There are a number of strategies, each having their own costs and benefits. Here are a few (there are more, and variations):
By blackholing traffic, you discard all traffic towards the target IP address. Typically, ISP's try to use RTBH (remotely triggered blackholing), by which they can ask their upstream networks to discard the traffic, so it won't even reach the destination network. The benefit here is that it will not saturate the ISP's uplinks then. The biggest drawback here is that you do exactly what the attackers want: the target IP address (and thus the services running on it) is offline. However, the rest of the ISP's customers will not suffer from the attack, and the costs are low.
Instead of blackholing an IP-address for the entire internet, it may be useful to change BGP routing for the targeted address range so that it's only reachable for parts of the internet. This is typically called 'selective blackholing' and is implemented by a number of large carriers. The idea is that many internet services only need to be available in a specific region (typically being a country or continent). For example, using selective blackholing, a Dutch ISP under attack could choose to have it's IP-ranges blackholed for traffic coming from China, while European IP's would be able to reach the targeted address. This technique can work very well if attack traffic is coming from very different sources than regular traffic.
A nicer solution is to use a scrubbing center, usually hosted outside the ISP's network as a service. When under DDoS attack, the ISP redirects traffic for that IP-range to the scrubbing center. The scrubbing center has the equipment to filter unwanted traffic, leaving a stream of (mostly) clean traffic which gets routed back to the ISP. Compared to blackholing this is a better solution since the services on the target IP remain available. The drawback is that most scrubbing centers are commercial, and can cost quite a lot. Also, scrubbing is not always easy, there can be both false positives (wanted traffic being filtered) and false negatives (unwanted traffic not being filtered).
ISP networks usually have a number of connections to the internet via transit providers and/or internet exchange points. By making these connections, as well as links within the backbone of the ISP, much bigger than is needed for normal traffic patterns, the network can cope with DDoS attacks. However, there's a practical limit to this, since unused bandwidth capacity is costly (for example investing in 100Gbps equipment and upstream connections is very expensive and cost-inefficient if you're only doing a few Gbps) and this usually only moves the problem to somewhere within the network: somewhere there will be a switch, router or server with smaller capacity, and that will become the choke point.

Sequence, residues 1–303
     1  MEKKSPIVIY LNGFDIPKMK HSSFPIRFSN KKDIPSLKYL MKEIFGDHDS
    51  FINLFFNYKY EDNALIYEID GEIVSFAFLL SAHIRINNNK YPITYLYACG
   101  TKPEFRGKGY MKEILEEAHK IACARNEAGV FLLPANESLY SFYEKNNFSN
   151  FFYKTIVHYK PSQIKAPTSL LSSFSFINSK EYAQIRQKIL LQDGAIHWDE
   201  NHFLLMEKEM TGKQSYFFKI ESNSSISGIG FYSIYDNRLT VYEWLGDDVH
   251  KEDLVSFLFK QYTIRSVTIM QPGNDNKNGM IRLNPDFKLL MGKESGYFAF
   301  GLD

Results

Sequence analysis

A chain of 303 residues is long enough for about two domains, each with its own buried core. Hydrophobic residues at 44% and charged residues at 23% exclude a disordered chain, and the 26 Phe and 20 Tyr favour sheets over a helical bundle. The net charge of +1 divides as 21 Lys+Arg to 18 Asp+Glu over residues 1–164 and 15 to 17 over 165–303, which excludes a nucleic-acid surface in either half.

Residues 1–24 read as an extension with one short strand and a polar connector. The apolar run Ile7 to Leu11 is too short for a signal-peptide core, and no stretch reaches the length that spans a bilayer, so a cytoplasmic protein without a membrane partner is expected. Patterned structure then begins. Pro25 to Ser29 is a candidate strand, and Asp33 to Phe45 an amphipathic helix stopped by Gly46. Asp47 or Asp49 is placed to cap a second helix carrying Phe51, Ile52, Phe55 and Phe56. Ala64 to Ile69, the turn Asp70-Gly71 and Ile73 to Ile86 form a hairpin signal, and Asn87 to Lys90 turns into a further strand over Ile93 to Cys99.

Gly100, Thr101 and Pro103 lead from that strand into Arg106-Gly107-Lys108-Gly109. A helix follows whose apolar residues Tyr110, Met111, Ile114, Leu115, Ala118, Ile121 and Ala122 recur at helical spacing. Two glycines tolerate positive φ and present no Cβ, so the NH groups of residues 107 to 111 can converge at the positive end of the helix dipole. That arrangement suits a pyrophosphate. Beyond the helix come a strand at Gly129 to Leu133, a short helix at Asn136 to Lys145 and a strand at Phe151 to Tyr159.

With some attacks, ISP's may be able to balance incoming traffic in a way so not all external connections will be flooded, and only one or a few will become saturated.
Within larger networks, it's possible to create a "sinkhole" router which only attracts traffic for the IP-range under attack. Traffic towards all other IP-ranges gets routed over other routers. This way, the ISP is able to isolate the DDoS to a certain degree by announcing the targeted IP-range in BGP only on the sinkhole router, while stopping announcement of that IP-range on other routers. Traffic from the internet to that destination will be forced through that router. This may lead to all uplinks of that sinkhole router being saturated, but uplinks on other routers will not be flooded and other IP-ranges will not be affected.
The big drawback here is that the entire range in which the targeted IP is (at least a /24) may suffer from this. This solution is often the last resort.
If the ISP has enough capacity on its uplinks (so they won't be saturated), they can implement local filtering. This can be done in various ways, for example:
- adding an access list on routers rejecting traffic on characteristics like the source address or destination port. If the number of source IP-addresses in an attack is limited, this can work efficiently
- implementing traffic rate limiters to reduce the amount of traffic to the target IP-address
- routing traffic through local scrubbing boxes which filter unwanted traffic
- implementing BGPFlowspec, which allows routers to implement an exchange filter rules using BGP (for example: 'reject all traffic from IP-address X to IP-address Y protocol UDP source port 123')
content delivery networks and load balancing
Web hosters can use content delivery networks (CDNs) to host their websites. CDNs use global load balancing and thus have enormous amounts of bandwidth and caching server clusters all over the world, making it hard to take down a website completely. If one set of servers goes down due to a DDoS, traffic gets redirected automatically to another cluster. A number of big CDNs also operate as scrubbing service.
On a somewhat smaller scale, local load balancing can be deployed. In that case, a pool of servers is available to host a website or web application. Traffic gets distributed over servers in that pool by a load balancer, thus increasing the amount of server capacity available, which may help to withstand a DDoS-attack.
Of course, CDNs and load balancing only work for hosting, it doesn't work for access ISP's.